Alec Nevala-Lee

Thoughts on art, creativity, and the writing life.

An unread life

with one comment

The author's library

A few months ago, I was proudly showing off my home library to a friend when he asked a version of a question I’ve often heard before: “When I see most people with libraries like this, I assume they haven’t read the books. But you’ve read most of these—right?” In response, I may have stammered a little. No, I said, I haven’t read them all, but they’re all here for a reason. Each book fits into its own particular niche, I’ve grazed in each one, and they’re all important to me. If I’d been in a different mood, I might have quoted Umberto Eco’s testy reply to similar queries:

The visitor enters and says, “What a lot of books! Have you read them all?” At first I thought that the question characterized only people who had scant familiarity with books, people accustomed to seeing a couple of shelves with five paperback mysteries and a children’s encyclopedia, bought in installments. But experience has taught me that the same words can be uttered also by people above suspicion. It could be said that they are still people who consider a bookshelf as a mere storage place for already-read books and do not think of the library as a working tool.

In other words, as Nassim Nicholas Taleb notes, while also citing Eco: “Read books are far less valuable than unread ones.” Which isn’t to say that I’ll simply buy a book and stick it on the shelf to admire. Whenever I acquire a new book, I give it a good browse, just enough to give me an idea of what I really have, and then I file it away, content in the knowledge that when I need to dig deeper, it’ll be there. Or at least that’s the rule I try to follow. In practice, I’ve found myself accumulating books by certain authors—Lewis Mumford, for instance—on a vague suspicion that they’re going to come in handy one day, and others that force themselves on my attention simply because of an alluring look and a reasonable price. In other cases, I’m drawn to books primarily by what they represent: a commitment to a single overwhelming idea, which is something I value without being able to replicate. A book like The Plan of St. Gall or Marcello Malpighi and the Evolution of Embryology is the product of decades of singleminded work, and as a writer who is happiest when switching frequently between projects, I keep them around as a reminder of a different, and maybe better, way of art and thought.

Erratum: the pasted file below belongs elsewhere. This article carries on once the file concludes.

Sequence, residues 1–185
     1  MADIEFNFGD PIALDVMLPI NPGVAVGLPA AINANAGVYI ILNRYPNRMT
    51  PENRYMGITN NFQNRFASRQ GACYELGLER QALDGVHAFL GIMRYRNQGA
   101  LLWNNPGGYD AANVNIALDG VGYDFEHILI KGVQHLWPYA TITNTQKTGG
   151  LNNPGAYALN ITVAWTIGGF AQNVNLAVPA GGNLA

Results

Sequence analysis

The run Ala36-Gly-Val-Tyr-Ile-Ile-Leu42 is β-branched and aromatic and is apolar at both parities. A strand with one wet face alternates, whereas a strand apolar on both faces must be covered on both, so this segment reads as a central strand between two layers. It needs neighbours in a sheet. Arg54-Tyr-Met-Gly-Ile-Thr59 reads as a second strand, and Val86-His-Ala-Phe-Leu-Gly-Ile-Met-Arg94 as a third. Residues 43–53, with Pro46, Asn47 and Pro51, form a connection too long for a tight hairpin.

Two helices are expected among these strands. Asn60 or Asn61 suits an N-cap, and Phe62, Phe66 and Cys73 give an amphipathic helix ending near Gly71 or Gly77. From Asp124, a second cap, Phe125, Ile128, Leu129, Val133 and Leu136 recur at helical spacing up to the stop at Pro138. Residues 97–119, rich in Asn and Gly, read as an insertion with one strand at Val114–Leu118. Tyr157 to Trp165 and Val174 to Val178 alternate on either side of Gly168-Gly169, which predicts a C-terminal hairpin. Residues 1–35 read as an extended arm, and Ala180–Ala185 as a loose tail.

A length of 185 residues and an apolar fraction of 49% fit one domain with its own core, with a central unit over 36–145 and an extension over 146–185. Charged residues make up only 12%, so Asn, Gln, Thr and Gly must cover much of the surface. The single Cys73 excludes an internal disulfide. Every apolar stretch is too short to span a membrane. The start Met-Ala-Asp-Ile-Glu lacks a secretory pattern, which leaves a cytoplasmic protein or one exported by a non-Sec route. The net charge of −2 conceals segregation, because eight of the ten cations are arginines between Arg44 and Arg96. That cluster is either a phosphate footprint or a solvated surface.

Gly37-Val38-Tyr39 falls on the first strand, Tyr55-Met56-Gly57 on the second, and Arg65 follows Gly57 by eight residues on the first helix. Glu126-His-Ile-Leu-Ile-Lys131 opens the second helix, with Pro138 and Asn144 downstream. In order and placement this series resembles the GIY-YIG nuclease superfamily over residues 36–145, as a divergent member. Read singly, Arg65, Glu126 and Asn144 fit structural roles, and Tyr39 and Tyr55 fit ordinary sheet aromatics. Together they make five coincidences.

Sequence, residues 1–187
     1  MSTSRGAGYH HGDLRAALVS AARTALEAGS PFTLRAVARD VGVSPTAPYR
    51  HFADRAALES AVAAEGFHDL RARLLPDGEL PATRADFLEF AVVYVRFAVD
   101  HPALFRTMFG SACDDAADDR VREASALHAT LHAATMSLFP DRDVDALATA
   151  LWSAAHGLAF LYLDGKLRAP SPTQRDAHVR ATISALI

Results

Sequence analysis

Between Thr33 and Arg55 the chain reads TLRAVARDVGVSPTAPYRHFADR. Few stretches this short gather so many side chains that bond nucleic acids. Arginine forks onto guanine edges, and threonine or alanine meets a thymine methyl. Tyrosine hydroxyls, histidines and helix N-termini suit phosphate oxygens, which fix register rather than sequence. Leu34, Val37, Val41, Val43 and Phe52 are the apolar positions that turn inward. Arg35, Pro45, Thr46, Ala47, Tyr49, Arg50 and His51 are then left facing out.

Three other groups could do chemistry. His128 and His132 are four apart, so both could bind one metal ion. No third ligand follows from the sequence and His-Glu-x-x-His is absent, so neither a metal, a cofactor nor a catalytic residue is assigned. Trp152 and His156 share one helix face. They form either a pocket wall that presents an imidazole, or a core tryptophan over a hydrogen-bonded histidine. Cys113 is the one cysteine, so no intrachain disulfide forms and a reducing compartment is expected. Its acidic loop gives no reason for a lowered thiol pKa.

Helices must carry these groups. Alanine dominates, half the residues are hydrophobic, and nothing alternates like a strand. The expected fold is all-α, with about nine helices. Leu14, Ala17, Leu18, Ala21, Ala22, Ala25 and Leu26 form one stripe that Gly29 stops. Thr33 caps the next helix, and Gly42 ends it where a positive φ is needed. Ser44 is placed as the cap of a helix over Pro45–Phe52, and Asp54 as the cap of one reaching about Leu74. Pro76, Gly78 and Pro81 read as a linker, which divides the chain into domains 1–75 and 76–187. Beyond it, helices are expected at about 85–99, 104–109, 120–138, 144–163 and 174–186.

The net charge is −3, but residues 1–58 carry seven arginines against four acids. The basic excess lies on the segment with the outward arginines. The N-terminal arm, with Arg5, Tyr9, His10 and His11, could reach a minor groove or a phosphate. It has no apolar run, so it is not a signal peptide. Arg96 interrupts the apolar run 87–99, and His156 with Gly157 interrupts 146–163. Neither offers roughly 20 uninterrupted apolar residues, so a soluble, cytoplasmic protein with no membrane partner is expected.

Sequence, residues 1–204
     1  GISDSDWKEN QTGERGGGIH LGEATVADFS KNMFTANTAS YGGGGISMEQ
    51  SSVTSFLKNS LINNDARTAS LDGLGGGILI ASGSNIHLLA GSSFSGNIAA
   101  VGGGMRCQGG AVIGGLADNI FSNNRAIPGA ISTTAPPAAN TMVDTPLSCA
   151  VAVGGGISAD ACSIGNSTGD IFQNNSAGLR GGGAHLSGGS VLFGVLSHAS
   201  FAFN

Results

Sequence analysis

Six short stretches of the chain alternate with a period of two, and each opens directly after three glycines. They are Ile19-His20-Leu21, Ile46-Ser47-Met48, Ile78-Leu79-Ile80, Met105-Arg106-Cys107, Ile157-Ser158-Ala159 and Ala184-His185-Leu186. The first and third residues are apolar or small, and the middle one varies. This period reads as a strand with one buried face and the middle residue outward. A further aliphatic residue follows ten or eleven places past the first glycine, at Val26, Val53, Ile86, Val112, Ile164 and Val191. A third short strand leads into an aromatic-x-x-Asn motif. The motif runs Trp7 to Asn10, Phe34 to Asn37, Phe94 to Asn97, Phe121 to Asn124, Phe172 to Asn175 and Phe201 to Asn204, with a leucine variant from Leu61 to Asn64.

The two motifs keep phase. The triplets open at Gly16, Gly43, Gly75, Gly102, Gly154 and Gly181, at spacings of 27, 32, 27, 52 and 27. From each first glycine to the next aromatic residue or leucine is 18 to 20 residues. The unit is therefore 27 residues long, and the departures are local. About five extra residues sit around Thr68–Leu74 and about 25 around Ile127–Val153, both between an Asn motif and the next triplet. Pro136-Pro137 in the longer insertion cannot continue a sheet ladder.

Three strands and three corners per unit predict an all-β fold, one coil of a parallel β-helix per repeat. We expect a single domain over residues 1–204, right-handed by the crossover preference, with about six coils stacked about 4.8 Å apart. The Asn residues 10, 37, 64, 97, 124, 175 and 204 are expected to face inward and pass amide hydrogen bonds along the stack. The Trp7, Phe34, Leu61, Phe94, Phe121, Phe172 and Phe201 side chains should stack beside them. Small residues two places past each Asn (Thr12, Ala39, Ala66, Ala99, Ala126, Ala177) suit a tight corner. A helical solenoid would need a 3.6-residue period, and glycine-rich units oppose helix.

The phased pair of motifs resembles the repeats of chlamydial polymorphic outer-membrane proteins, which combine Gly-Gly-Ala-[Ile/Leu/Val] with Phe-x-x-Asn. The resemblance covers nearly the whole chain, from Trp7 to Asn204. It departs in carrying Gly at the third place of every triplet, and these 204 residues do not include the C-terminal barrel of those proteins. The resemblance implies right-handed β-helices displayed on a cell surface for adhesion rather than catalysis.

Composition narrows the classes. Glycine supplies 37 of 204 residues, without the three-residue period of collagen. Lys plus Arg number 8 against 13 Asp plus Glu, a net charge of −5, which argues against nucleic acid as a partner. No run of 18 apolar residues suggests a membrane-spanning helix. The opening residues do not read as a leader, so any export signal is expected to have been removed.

The author's library, temporarily unshelved

But there’s no question that I browse more than I read these days. Part of this has to do with the shape my life has taken: between an active toddler and my own unwritten pages, it’s hard to find time to sit down with a book for more than half an hour at a stretch. My criteria, in fact, for buying new books has shifted slightly ever since my daughter was born. At the moment, I tend to buy books that I’ll be glad to own even if I don’t read them from cover to cover, which favors titles that are either inherently browsable—where I can turn to a random page in the middle and find something enlightening or diverting—or that have strong aesthetic interest in themselves. The latter encompasses lovely little paperbacks as much as their big leatherbound brothers, but it’s especially why I’m so taken by the idea of the tome. When a book is large enough, the pressure to get through all of it is correspondingly reduced: The Plan of St. Gall seems content to hang around forever as a permanent presence, to be dipped into as often or rarely as I want, rather than plowed through from first volume to last. There comes a point when a book’s sheer size ceases to be formidable and becomes almost comforting in its insistence on pages unread and byways unexplored.

This may be why I’ve been increasingly drawn to rare books like this as my free time has grown ever more contracted. If I blow $200 on St. Gall or $80 on Marcello Malpighi, you shouldn’t be misled into thinking I have oodles of disposable cash; really, they’re just about all I treat myself to these days, aside from the occasional album. When I’m tempted to buy a video game or Blu-ray, there’s a reasonable voice in my head that asks when, exactly, I think I’ll get around to playing or watching it. With a book, I’ve got my answer ready: I’ll leaf through it a little now, then save the rest for the same undefined retirement home in which I’ll finally read all of Gibbon. In the meantime, my unread books give me a satisfaction—as well as occasional injections of pleasure, whenever I remember to take one down from the shelf for a few minutes—that I don’t feel from an unwatched movie or unplayed game. It isn’t clear to me if the result is a working tool, as Eco would say, or a stealth form of vanity, but it probably lies somewhere in the middle. The most generous interpretation is that it’s a monument to possibility, a collection of paths I can take whenever I like. It may not be today, or even in this lifetime. But they’re still a part of the life I have now.

Written by nevalalee

October 14, 2014 at 9:48 am

One Response

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  1. I also get this comment and react in a similar way. Are they kidding or what? But I do try and read most of the books I buy for the simple reason that otherwise I may not remember if I’ve read it or not. That sounds awful, I know, but as someone who reads a lot, it’s easy to forget specific storylines. Sometimes I’ll get half way through a book and put it down when I realize I’ve been there and done that. So if it’s on my shelf, I’ve read it. The ones I get confused about were loaners. :)


    October 15, 2014 at 1:01 am

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